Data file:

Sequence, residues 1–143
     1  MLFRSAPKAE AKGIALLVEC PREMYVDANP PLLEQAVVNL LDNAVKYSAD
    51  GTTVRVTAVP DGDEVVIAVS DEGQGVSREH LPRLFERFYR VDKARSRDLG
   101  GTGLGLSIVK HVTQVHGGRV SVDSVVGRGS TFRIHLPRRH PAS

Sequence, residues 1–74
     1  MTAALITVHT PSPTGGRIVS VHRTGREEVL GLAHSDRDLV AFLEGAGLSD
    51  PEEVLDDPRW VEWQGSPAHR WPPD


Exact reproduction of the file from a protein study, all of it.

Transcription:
Sequence, residues 1–143
     1  MLFRSAPKAE AKGIALLVEC PREMYVDANP PLLEQAVVNL LDNAVKYSAD
    51  GTTVRVTAVP DGDEVVIAVS DEGQGVSREH LPRLFERFYR VDKARSRDLG
   101  GTGLGLSIVK HVTQVHGGRV SVDSVVGRGS TFRIHLPRRH PAS

Sequence, residues 1–74
     1  MTAALITVHT PSPTGGRIVS VHRTGREEVL GLAHSDRDLV AFLEGAGLSD
    51  PEEVLDDPRW VEWQGSPAHR WPPD